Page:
David Maister - Professional Business, Professional Life

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David Maister - Professional Business, Professional Life

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by Derek Bedlow 2000

from Legal Week (UK), 2000

Many characteristics of lawyers’ backgrounds and training do not encourage them to take client relationships and social skills seriously. In particular, the education and selection process rewards individual rather than team-based achievement. Macro strategic initiatives will only achieve limited results if you cannot win your clients’ trust. Derek Bedlow speaks to David Maister, who suggests that the route to success lies closer to home.

The law would be a simple profession if it were not for the clients. Law firms spend millions of pounds each year on marketing themselves, taking part in beauty parades, producing glossy brochures, wining and dining and spending partners’ hard-earned cash on yet another rebranding exercise. Wouldn’t life be easier if clients actively sought your advice, automatically sent you all their work, brought you in early and paid your bills without question?

This, according to professional services management guru David Maister, is achievable. Exactly how is the subject of his recent book, The Trusted Advisor, written in conjunction with management consultant Charles Green and executive vice president of Internet company Digitas Robert Galford. For precise details, you will need to read the book, but fundamentally, as its title implies, it boils down to trust. And that, according to Maister, is in relatively short supply. According to the book, there are at least 22 qualities that the trusted adviser must have in addition to the obvious technical skills. These range from simply being honorable, reliable and consistent to being able to truly understand where a client is coming from and the ability to give frank advice in a constructive way, remaining sensitive to the client’s views rather than simply imposing it on them. Maister says the key to achieving and demonstrating all of these traits is simply the way you interact with other people. Essentially, show respect—and mean it. But, he warns, that does not mean that his is a ‘soft’ message. “It is not about being ingratiating or smarmy.”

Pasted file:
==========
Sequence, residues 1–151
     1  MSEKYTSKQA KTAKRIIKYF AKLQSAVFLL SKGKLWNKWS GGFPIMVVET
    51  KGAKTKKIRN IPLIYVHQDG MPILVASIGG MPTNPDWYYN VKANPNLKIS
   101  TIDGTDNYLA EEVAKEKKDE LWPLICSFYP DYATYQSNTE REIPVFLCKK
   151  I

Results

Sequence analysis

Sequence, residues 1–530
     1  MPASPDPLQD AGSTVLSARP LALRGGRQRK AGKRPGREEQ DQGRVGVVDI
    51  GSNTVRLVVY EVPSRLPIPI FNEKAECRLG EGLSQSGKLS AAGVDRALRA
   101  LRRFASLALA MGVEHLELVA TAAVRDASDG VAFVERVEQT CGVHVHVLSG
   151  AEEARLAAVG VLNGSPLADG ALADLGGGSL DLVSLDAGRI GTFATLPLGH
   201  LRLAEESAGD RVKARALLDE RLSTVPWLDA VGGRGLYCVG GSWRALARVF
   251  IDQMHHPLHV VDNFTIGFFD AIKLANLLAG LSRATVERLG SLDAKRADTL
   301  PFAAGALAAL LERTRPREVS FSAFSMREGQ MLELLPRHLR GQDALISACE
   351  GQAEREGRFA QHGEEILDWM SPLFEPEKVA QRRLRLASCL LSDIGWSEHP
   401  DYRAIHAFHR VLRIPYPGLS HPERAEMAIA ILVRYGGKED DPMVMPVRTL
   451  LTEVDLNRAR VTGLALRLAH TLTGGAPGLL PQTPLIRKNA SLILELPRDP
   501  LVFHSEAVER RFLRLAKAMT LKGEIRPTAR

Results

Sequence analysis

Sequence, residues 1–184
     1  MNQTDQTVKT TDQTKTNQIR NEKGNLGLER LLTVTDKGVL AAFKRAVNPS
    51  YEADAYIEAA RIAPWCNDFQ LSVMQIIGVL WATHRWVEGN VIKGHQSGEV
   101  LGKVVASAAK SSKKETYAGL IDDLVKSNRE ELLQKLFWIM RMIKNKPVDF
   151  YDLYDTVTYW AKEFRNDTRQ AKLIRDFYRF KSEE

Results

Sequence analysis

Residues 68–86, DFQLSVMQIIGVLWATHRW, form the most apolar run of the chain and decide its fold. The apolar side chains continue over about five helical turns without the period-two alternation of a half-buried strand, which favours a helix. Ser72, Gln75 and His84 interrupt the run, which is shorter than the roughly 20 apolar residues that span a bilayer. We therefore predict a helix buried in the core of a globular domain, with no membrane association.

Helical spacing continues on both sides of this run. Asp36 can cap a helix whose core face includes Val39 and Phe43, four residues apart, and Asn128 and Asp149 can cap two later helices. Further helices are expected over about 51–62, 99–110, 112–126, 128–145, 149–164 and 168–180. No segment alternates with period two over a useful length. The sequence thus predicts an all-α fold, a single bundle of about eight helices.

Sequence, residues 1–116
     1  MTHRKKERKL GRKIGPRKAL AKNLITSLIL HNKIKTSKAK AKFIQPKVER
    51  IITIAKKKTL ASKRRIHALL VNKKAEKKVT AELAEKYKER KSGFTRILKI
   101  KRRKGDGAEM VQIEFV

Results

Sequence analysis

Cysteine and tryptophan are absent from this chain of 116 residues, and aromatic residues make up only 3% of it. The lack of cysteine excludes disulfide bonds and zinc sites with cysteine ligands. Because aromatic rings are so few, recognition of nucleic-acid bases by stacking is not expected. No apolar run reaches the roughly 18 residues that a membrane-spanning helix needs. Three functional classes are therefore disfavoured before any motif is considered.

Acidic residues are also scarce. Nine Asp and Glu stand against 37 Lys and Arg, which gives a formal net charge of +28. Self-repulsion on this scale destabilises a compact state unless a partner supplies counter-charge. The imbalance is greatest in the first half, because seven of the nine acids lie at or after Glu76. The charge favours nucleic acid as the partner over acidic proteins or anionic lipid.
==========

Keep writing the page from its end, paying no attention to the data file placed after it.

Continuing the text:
“The skill is in influencing other people,” he says. “There is no such thing as a business issue that does not also involve emotion. If people are not doing certain things you know they should be doing, there is usually an emotional reason why.

“To be a good adviser, you must be good at two things: understanding where your client is at now and the counseling process. It is not just saying that ‘b’ is the right answer. If the client is at ‘a,’ then the question should be, ‘How do I help them understand that “b” is the right answer? And how do I help them build the commitment to change and build their courage so that they are willing to do “b”?’”

To be able to do this, Maister contends, professional advisers need to work on their social skills; the benefits that come from gaining ‘trusted adviser’ status will not be realized unless lawyers can supplement their intellectual capabilities with the emotional skills beyond simply telling clients what to do.

While he says the law is not necessarily the worst offender within the professions (for the record, these are advertising and architects), there are many characteristics of lawyers’ backgrounds and training that do not encourage them to take client relationships and social skills seriously. In particular, the education and selection process rewards individual rather than team-based achievement, from marks at school and university to persuading a law firm to hire you. As rational people, lawyers respond to what is appreciated and neglect things that are not.

Maister says the genesis of the book is autobiographical. He started professional life as a university lecturer and admits that nobody was more “pompous, arrogant and patronizing” than he was. “I thought my job was to say, ‘Listen, you idiot, this is what you are doing wrong and here is the answer’” he says. “But life has away of teaching you that if you really want to be effective, it is not enough to be right; you must learn how to be helpful. The major triumph is recognizing it and then it becomes a lifelong learning process to figure out how.”